16 Cost of Goods Sold (COGS) = Units x Cost to Produce How much does it cost to produce a sales unit? –Materials, Labor or both Review comparable businesses to determine costing –Benchmark multiple vendors to attain best product cost Address if your are costs fixed or variable? Build in cost reductions to meet future pricing pressures Other cost of sales –Minimum of 5% -15% or more for freight, tech support, warranty, etc… Developing Your Assumptions: COGS Building an Investor-Worthy Financial Model

17 Operating Expenses –Salaries, Commissions, Benefits Fringe Benefits (e.g.15%) Merit increase (e.g. 4%) Bonus/Commission Assumptions Recruiting fees –e.g. $5k -15k or more per person for every hire or determine to pay only a certain amount per quarter –Rent and Utilities Benchmark market rates per square footage Determine space needed (e.g. per head?) Total Lease cost Dont forget Utility expenses Developing Your Assumptions: Operating Expenses Operating Expenses –Marketing, Tradeshow, Advertising –Insurance –Travel and Entertainment Traveler (e.g. $1,500 per month) Non-traveler (e.g. $100 per month) –Research and Development Outside Contractors –Shipping –Repairs and Maintenance –Fees –Office Expense –Website Building an Investor-Worthy Financial Model

18 Capital Expenditures – Furniture and Fixtures (e.g.~$50,000 or per head) – Facility Build out – Lab Equipment – IT Infrastructure Cash Burn or Burn Rate –Know on monthly or quarterly basis Runway – # of months operating at a loss before all cash is gone Cash Flow Break Even – Point at which cash from revenues = or > Cash Burn Developing Your Assumptions: Cash Flow Building an Investor-Worthy Financial Model

19 Sensitivities Accept that these are best guesstimates, not absolutes Explain sensitivities in terms of knowns and unknowns Take into account appropriate assumption relationships Discuss leverage points Annuity sales model or one time sale Switching pain for customers Stickiness of product once customer uses it Push/pulling of revenue CapEx changes Margin improvements Developing Your Assumptions: Sensitivities & Metrics Metrics Relationship of numbers is important Sales units should make sense with market data Sales expense relates to revenue Recurring revenue based on installed base Focus on key metrics Cash, cash, and cash How long to breakeven? How much does it cost to get a customer? What is the profitability of a customer? What is the productivity of a sales person? Building an Investor-Worthy Financial Model

20 Financial model does not support B-Plan assertions Contradicts total servable market assumptions Time to profitability unrealistic based on industry trends Assumptions, Gross and Operating Margins in outer years not in line with industry standards Seasonality not reflected Financial Metrics Not Relevant Revenue and Cost Models Lack Detail Assumptions not supported by rest of business plan Growth is hockey stick on steroids Financing needs not linked to milestones Developing Your Assumptions – Red Flags Building an Investor-Worthy Financial Model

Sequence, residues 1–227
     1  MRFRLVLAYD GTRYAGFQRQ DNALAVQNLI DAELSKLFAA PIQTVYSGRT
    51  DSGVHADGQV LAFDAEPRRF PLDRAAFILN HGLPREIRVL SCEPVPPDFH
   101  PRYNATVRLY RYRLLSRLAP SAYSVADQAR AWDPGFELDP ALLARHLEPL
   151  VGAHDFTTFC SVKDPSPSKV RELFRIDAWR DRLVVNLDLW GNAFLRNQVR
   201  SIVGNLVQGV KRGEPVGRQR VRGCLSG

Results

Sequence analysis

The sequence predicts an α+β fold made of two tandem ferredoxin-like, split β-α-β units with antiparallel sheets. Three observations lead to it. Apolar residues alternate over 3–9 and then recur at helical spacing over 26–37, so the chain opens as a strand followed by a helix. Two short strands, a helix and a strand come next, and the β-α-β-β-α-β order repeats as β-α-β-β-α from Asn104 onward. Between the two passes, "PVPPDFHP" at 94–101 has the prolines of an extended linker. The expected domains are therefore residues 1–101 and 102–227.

21 Search the SEC EDGAR Database - –Companies and Other Filers –Input Company Name or Ticker Symbol –10-K Filing (Annual Report), 10-Q Filing (Quarterly Report) –Financial sections (e.g. Income Statement, Balance Sheet, MD&A) Yahoo Finance –Company –Financials Trade Press Market Research Reports Developing Your Assumptions: How to? Building an Investor-Worthy Financial Model

22 Cleantech Open Team Activity Building an Investor-Worthy Financial Model

23 Conclusions Building an Investor-Worthy Financial Model

24 The Financial Section of the B-Plan is the happy ending to your story Investor Mantra: Show Me the $$$ Reality gets funded Conclusions: Final Thoughts Building an Investor-Worthy Financial Model

25 Contact Information Deloitte Financial Advisory Services LLP 200 Berkeley Street Boston, MA USA Joseph McKneely ManagerTel: Business Mr. McKneely is a Manager in the Valuation services team at Deloitte Financial Advisory Services LLP. He specializes in the valuation of business interests, intangible assets, closely held securities, privately held companies, and intellectual property. Mr. McKneely focuses on valuation matters associated with Statement of Financial Accounting Standards Nos. 141, 142, and related GAAP. He has also worked on several valuation projects for tax related purposes such as 409A and 280G, as well as valuations for purposes of tax planning, and pre-merger planning. Mr. McKneely has broad experience across a range of industries, having been a significant contributor on projects in the oil and gas, biotechnology, manufacturing, retail, telecommunications, and software industries, among others. Mr. McKneely also has considerable experience in providing SAS review audit support across these industries; including reviews of valuations prepared for IFRS reporting purposes such as asset impairment testing and purchase price allocations for international companies. Education Texas A&M University, M.S., Finance Texas A&M University, B.B.A., Accounting New England CFO Strategies Suzanne C. Oakley, CPA Business Planning/Interim CFO 139A Charles Street #284, Boston, MA New England CFO Strategies is led by Suzanne Oakley, CPA. Ms. Oakley has 25+ years experience in business planning, financial modeling, financial management, and strategy development for companies ranging in size from start-up to Fortune 500. A seasoned financial executive, Ms. Oakley is a Certified Public Accountant in Massachusetts. She has extensive experience in: Providing financial oversight for start-up companies or corporate operating divisions, Developing and managing annual budgets and quarterly outlooks, Financial reporting and analysis to Executive management and Boards of Directors, Sarbanes Oxley compliance, and Implementing financial planning and reporting systems. Ms. Oakley earned her MBA in Finance and New Business Development from MIT's Sloan School of Management and her BS in Business Administration, cum laude, from Georgetown University School of Business. Building an Investor-Worthy Financial Model

26 Questions? Building an Investor-Worthy Financial Model